What it's like to live on $1 a day
A Malawi family budgets 16 cents for doughnuts
At 8 a.m., after seeing her husband off to work and her children off to school, Selina Bonefesi puts on her entrepreneur's hat. Mrs. Bonefesi has a small business making fritters - fried cakes made of wheat, salt, sugar, and yeast.
She'll spend the morning mixing, waiting for the dough to rise, and frying, cranking out as many as 300 of the tasty treats and selling them from her home to passersby. By the end of the week, between her household chores and running her business, she'll have logged more hours than a Fortune 500 CEO.
But she'll only earn about $1 a day.
Selina, her husband, and four children are among the 1.2 billion people in the world living on less than a dollar a day - what the United Nations calls "extreme poverty." Many of them are in Africa. Some live in rural villages, others in urban shantytowns; some can be found in the deserts of Chad, others in the jungles of the Congo. Yet Selina's family in Malawi is typical: they have limited education, little access to jobs or capital, and are ruled by an indebted government that lacks a coherent plan for helping its poorest citizens. It is families like Selina's that the leaders of the world's wealthiest nations will be looking to help as they meet in Scotland for the G-8 summit this week.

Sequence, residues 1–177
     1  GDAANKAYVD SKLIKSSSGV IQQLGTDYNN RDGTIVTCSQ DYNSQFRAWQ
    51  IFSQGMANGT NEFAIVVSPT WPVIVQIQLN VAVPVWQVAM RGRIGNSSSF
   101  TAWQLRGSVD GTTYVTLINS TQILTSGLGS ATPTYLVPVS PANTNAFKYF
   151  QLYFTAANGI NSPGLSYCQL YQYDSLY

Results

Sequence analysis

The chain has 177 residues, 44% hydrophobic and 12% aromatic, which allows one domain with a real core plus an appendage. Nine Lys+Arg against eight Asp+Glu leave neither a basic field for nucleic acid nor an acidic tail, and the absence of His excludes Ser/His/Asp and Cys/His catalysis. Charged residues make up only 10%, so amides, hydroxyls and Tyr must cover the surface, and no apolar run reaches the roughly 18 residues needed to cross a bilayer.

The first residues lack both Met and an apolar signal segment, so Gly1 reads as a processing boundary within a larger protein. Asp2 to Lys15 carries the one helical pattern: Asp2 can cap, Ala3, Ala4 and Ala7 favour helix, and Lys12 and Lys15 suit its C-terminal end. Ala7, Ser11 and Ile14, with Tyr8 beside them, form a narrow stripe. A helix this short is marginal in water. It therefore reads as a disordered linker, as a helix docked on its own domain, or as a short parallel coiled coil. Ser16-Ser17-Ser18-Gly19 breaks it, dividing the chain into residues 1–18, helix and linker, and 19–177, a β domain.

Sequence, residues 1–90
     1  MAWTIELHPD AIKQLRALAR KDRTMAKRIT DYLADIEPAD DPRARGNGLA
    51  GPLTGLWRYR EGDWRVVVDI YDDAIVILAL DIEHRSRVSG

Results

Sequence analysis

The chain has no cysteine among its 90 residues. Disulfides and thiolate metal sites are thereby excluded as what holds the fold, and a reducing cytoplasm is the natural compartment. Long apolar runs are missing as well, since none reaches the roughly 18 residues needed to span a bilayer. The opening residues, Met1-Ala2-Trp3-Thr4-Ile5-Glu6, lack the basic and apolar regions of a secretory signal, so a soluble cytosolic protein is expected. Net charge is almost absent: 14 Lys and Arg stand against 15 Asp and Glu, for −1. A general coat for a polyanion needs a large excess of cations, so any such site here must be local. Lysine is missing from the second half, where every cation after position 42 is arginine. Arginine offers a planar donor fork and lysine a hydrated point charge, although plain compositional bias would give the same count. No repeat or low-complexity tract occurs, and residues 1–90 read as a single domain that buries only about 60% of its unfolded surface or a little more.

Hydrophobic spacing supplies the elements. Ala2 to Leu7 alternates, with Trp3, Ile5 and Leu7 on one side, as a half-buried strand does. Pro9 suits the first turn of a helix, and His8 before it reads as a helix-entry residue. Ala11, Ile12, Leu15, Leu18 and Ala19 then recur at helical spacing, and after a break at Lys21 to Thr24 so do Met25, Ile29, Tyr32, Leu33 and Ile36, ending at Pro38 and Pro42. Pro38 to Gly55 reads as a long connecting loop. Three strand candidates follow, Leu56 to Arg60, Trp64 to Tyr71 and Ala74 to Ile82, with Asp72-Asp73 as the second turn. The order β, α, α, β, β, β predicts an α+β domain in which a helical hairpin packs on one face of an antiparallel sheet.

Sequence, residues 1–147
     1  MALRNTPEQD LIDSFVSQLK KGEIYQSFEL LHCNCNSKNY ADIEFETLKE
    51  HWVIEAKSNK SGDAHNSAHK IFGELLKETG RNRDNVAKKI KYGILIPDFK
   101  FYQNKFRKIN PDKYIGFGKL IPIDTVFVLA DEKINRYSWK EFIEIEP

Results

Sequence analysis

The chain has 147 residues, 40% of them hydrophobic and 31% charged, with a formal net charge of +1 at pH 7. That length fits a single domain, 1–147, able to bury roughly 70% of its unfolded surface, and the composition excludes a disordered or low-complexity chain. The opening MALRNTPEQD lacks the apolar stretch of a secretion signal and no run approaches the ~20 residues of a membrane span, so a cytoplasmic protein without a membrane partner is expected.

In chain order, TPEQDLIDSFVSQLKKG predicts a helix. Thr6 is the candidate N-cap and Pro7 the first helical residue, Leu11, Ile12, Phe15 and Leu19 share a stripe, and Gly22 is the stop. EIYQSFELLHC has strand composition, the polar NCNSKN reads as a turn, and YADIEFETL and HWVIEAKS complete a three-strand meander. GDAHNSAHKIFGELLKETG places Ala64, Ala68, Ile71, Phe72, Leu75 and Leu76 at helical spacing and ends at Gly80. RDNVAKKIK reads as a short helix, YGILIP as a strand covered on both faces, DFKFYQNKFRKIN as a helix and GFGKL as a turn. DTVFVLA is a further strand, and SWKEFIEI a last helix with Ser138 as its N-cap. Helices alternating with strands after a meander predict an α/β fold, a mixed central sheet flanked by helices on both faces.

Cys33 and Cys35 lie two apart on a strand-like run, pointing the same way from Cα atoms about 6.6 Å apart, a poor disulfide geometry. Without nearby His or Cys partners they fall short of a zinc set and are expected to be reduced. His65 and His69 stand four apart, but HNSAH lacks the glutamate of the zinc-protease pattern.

The Monitor visited with Selina to learn how a family of six lives on so little - and to hear from them what would be most helpful from the richest nations in the world.
Selina's message to donors is quite simple. "Monetary help is needed," she says. "We want iron sheets on our houses. We want capital for our businesses."
In a typical week, Selina will make 1,125 Malawian kwatcha, or $9.09, in fritter sales. With the $5.17 that's left over after she buys supplies for her next batch, she'll purchase food and amenities for her family and tuck away $1.25 into savings. Her annual earnings, combined with her husband's earnings as a farmer, will give the family of six, after business expenses, about $453 to live on this year.
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